this is the case it would seem that the
problem upon which discoverers have
been at work for nearly four hundred
years, which has absorbed the ener
gies of Balboa, Cabot, De Sota, Ponce
de Leon, Cortez, and many others in
more recent times, might not be so
difficult of solution."
The bill to allow the construction
of a tunnel under the English channel
has again been defeated, but the
number of members of the house of
commons who are afraid that it might
servo as a pathway for invasion from
the continent is evidently decreasing
Investiqatiok as to the wages paid
in the coal mines In Pennsylvania
shows that many of the coal-diggers
in the anthracite region "are paid less
than it costs to support paupers in the
poorhouses of that state.'
The ruddy sunsets, about which
there was so much profitless discus
sion four years ago, have returned
with the regularity of a presidential
election to worry and perplex people.
TO "WHOM IT MAY CONCERN : TLEASE
take notice that the affairs of tbe estate
of Prael Bros, have been closed and that I
will apply for settlement, and discharge, at
the next term of the Circuit court for Clat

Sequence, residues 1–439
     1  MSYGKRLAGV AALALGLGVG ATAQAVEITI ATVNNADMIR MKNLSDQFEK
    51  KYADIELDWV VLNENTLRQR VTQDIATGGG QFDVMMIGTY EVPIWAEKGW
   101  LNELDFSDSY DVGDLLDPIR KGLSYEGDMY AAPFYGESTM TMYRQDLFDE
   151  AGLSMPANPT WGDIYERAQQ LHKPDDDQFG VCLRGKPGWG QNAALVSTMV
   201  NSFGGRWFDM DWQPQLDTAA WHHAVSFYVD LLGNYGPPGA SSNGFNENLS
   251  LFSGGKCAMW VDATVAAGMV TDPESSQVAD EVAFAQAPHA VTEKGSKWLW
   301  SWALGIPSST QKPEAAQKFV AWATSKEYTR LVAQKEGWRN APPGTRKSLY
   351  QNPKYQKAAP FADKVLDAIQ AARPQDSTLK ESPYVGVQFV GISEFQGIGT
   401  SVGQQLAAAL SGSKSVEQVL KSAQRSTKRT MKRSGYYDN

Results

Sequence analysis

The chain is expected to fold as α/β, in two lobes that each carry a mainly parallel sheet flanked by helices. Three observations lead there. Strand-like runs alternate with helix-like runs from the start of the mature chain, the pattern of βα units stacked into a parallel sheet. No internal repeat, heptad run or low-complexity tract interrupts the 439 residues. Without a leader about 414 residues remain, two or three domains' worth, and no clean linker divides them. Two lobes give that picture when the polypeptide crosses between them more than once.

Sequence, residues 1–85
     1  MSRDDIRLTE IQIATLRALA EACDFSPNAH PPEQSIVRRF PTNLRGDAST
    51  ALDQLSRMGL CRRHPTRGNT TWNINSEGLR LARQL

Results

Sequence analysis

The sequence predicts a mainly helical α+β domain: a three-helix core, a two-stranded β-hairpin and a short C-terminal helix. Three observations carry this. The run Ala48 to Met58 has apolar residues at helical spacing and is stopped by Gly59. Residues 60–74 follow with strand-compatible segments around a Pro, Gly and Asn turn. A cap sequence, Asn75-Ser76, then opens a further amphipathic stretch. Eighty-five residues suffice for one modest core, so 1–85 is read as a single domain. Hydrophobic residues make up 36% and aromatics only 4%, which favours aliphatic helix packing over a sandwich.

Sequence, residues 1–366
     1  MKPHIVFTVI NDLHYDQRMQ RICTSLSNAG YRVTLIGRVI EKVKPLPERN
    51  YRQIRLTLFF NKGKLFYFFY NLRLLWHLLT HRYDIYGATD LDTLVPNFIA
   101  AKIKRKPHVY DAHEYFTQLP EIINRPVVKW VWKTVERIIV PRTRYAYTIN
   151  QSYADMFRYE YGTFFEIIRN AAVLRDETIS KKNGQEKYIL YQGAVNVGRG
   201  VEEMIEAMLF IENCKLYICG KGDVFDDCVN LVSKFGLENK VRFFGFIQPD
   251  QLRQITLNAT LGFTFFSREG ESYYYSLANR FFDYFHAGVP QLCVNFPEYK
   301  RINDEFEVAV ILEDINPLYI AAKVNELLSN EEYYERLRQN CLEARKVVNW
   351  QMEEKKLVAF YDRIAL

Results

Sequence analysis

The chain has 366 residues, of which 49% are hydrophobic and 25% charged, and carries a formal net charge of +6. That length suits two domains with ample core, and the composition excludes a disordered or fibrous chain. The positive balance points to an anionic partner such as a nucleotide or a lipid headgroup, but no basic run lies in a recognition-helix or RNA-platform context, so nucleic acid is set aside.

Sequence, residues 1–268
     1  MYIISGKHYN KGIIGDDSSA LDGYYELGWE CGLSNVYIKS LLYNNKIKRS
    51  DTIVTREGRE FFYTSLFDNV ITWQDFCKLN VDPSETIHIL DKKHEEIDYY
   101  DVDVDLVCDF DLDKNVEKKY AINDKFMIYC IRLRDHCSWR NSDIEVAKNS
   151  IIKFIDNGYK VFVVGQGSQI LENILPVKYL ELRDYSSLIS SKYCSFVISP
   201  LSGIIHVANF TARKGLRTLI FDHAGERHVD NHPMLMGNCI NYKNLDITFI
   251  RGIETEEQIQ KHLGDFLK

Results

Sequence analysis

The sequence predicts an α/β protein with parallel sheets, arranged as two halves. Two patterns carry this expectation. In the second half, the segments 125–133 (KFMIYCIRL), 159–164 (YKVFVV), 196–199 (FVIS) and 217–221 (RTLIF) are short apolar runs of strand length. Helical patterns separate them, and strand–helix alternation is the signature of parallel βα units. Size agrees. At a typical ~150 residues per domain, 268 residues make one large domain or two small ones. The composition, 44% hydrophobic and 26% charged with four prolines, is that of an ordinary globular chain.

sop county, state of Oregon.
Astoria, Oregon, Aug. 18, 1887.
TRAVELERS INSURANCE CO.,
OF HARTFORD. CONN.,
Presents to the Traveling Public the fol'ow-
lng Valuable Concession , viz :
$3,000 I" case of Accidental Death
In case of loss ot both Eyes,
two entire Feet, or two
In event of loss of one en
tire band, or one entire
Prfr WPAlr na fnrntntl,' In
case of a totally disabling
Tickets, 26c per Dijr. or &4.50 for Thirty
Dart, FOB SALE By
GRIFFIN & BEEU,
At CITY BOOK STORE,
fllHE BOARD OF EQUALIZATION OF
X School District No. One will meet at
the office of the cleric on Monday, August
22. 1837, to equalize the tax roll ot the dis
trict for the current year.
J. G. HUSTLER.
Clerk School District No. One.
Asiona, Aug. is, '.
Notice to Contractors.
NOTICE is .hereby given that bids
will be received at the office of the Au
ditor and Police Judge of the city of
Astoria, Clatsop county, Oregon, until
Monday, August 22d, 1887, at l o'clock
p. it., for the improvement of the cross
ing of Concomly and Washington
streets, by filling to its established grade
ana oy planning iuu s:ze witn plant
four inches in thickness, according to
the provisions of ordinance No. 185.
Bids must ba accompanied with a
guarantee, signed by one or more house
holders residing in the city of Astoria,
to the effect that if a contract should be
awarded to such bidder that lie will
within forty-eight hours after receiving
notice oc sucu award, enter into con
tract with thec'ty of Astoria with good
and sufficient surety for the fathf ul per
formance of the contract
The right to reject any and all bids Is